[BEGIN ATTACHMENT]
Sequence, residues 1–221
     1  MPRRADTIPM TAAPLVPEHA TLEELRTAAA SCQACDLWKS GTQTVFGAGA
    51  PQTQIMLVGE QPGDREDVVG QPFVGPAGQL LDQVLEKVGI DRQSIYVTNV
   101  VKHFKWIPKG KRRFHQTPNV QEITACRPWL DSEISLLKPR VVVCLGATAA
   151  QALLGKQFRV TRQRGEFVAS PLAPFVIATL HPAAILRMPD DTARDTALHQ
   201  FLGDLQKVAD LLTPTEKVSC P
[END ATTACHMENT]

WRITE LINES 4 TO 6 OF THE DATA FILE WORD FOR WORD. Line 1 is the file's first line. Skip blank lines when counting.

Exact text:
   101  VKHFKWIPKG KRRFHQTPNV QEITACRPWL DSEISLLKPR VVVCLGATAA
   151  QALLGKQFRV TRQRGEFVAS PLAPFVIATL HPAAILRMPD DTARDTALHQ
   201  FLGDLQKVAD LLTPTEKVSC P